Let’s get straight to this, shall we? Land of Gypsies is basically what Supersonic Blues Machine do when they aren’t on the road. OK not quite and I am being a little simplistic, but two of them – the brilliant bassist Fabrizio Grossi and Serge Simic on guitar – are here and that sort of underpins the album.
They were once known as Gang Of Souls and its fair to say there’s a bit of a feel of a bond about this, their debut.
The band draw comparisons with early Foreigner. That’s a problem, to MV, given that “I Want To Know What Love Is” is hands down the worst rock song ever made. And I still remember with terror the moment when I’d gone to see them live (I liked the supports and thought I’d best stay) when the singer suggested we hugged the person next to us at Wolves Civic Hall. Thankfully the bloke in the next seat had as much disdain for such nonsense as I did and arms were resolutely folded.
Now, I might be a philistine, but LOG sound like Whitesnake or The Dead Daisies to me, with a bit of Led Zep chucked about and the melody of FM. You hear what you want, but I am writing this….
Of course, its true to say that whether its Steve Overland, Glenn Hughes or David Coverdale (when he could still carry a tune) that this type of music lives and dies with its singer and these Gypsies have got a cracker.
Terry Ilous had a go in Great White, but he’s just great here full stop. “Believe” the opener is almost like a showcase for them all, a marker, and if you aren’t on board with it from here, then in truth you aren’t going to be. “Why can’t you believe, love is going to win” goes the hook (the cynical among us might say because it never does and loses to the pursuit of money, but I might have got the wrong review for that digression).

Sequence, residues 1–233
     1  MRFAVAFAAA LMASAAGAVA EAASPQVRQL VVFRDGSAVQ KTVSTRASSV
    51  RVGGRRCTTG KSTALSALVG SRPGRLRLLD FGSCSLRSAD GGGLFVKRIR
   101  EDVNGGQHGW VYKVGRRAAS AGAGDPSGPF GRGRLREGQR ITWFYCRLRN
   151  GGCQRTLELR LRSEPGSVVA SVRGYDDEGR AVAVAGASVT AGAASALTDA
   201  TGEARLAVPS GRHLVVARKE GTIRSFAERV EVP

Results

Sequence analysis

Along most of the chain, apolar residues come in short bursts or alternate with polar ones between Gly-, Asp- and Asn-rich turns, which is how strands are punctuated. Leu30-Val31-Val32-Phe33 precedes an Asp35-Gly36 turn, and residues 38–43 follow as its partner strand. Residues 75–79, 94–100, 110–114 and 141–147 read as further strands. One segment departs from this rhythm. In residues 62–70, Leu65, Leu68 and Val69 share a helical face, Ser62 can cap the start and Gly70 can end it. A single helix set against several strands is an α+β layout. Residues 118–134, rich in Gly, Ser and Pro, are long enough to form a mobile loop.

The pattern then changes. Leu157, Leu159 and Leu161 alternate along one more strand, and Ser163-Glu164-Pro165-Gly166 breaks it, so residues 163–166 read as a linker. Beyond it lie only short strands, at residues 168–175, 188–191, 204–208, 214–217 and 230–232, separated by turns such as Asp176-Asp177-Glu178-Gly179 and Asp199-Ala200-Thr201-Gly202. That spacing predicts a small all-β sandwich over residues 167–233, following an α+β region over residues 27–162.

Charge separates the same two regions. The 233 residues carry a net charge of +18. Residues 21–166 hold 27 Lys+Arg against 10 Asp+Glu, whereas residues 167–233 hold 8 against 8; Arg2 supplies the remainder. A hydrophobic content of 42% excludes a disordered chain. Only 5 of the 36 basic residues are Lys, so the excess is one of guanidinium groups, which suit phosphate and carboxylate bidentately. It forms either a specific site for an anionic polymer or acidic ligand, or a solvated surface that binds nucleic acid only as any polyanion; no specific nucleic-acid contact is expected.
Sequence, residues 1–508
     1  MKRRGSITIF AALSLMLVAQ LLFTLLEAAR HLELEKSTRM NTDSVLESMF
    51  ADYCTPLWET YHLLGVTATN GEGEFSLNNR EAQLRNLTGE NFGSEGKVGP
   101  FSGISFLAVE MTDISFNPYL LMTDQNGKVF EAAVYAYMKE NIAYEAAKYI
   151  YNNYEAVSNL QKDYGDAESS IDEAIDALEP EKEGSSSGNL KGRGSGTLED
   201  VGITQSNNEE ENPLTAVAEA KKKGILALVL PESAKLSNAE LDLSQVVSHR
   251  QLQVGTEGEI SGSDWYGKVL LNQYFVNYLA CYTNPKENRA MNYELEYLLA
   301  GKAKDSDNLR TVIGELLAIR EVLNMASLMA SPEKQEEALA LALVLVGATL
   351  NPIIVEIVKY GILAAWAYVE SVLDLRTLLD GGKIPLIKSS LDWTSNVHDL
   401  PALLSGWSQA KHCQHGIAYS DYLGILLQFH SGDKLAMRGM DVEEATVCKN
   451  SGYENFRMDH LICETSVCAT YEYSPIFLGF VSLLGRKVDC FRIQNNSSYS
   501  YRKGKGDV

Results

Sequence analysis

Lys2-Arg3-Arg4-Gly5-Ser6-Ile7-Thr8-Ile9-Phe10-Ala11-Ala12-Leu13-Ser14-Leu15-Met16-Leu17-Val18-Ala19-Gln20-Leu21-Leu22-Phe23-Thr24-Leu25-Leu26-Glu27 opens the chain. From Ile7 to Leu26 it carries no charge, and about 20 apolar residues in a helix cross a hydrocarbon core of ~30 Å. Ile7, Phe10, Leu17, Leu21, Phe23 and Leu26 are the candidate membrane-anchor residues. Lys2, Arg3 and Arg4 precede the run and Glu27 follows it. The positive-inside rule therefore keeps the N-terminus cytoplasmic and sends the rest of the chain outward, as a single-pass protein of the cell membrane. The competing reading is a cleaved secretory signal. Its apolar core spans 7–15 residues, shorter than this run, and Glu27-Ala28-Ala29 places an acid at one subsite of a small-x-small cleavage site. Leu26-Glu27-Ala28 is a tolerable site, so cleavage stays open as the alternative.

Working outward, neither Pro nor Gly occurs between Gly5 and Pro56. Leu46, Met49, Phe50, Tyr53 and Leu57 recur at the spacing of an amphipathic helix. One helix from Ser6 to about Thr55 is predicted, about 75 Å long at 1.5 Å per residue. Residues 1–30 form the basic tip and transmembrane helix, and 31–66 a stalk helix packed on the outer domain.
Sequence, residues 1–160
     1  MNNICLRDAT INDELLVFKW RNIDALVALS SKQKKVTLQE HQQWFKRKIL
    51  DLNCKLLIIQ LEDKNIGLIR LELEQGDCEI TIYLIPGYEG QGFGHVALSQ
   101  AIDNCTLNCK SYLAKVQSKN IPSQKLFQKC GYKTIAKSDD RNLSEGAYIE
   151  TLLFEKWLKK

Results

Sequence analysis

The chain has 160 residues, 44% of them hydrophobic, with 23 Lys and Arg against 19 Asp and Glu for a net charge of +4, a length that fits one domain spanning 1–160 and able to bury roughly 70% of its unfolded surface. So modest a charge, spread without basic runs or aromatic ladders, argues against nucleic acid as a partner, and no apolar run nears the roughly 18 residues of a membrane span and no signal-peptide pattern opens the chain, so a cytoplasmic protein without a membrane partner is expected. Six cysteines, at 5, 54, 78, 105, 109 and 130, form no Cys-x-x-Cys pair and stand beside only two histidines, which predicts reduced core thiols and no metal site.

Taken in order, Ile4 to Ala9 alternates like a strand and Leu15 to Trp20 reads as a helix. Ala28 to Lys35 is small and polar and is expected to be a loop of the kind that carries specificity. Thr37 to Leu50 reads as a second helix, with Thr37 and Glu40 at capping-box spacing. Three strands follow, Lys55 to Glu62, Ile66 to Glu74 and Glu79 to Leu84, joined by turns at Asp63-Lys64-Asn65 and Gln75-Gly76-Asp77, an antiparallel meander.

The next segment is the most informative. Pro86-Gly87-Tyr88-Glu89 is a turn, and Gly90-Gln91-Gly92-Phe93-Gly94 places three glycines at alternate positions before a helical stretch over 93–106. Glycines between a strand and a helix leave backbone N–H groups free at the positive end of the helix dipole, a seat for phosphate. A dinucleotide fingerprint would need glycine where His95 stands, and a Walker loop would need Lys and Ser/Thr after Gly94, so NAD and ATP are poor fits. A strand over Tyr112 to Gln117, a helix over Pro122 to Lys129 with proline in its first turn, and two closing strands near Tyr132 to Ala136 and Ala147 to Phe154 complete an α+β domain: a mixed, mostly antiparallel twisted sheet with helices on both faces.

Elsewhere, this is confident, classy stuff, “Shattered” has a groove so thick it could be a submarine door, and “Trouble” if this band ever plays live, is surely made for hands above the head clapping.
The overriding sense in all of this, though is simple. This is a collection of superb musicians playing some really superb songs. The bluesy “Give Me Love” is full of harmony, and if in truth, the words here aren’t going to win a Nobel Prize, then not everything has to be Bob Dylan.
These songs just sound massive (and I am reaching here for an adjective that is bigger than massive) “Somewhere Down The Line” just explodes into its chorus like you kind of knew it was going to, and there’s even a big tear-jerker of an acoustic tinged ballad. “Rescue Me” – the one I’d swear if Coverdale heard it would end up on the new Whitesnake record – is a belter of a thing, but they deftly switch gear and special mention to Eric Ragno, who’s work on various keyboard type things is stellar throughout, it’s especially so on “Not An Ordinary Man”.
“Runaway” (disappointingly not a Bon Jovi cover) works to something like a crescendo, and the solo is brilliant, frankly. Make no mistake, they’ve got the build slowly, explode into a chorus thing down. “Long Summer Day” would – if there was any such thing these days – be a hit radio single. There’s something of “In These Arms” era Jovi about it, and “Rambling Man” – essentially a shagging song wrapped around some Bad Company riffs – it gets bonus points for cheerfully rhyming “loving” with “push comes to shoving” – and the double guitar solo is sure to get Thin Lizzy fans digging out their copies of “Jailbreak”, and if the last one “Get It Right” sees no reason to change things then why should it? The formula here has worked throughout.
Land Of Gypsies, you imagine when they got together, dreamt of making exactly the sort of record they’ve made here. And credit to them for that.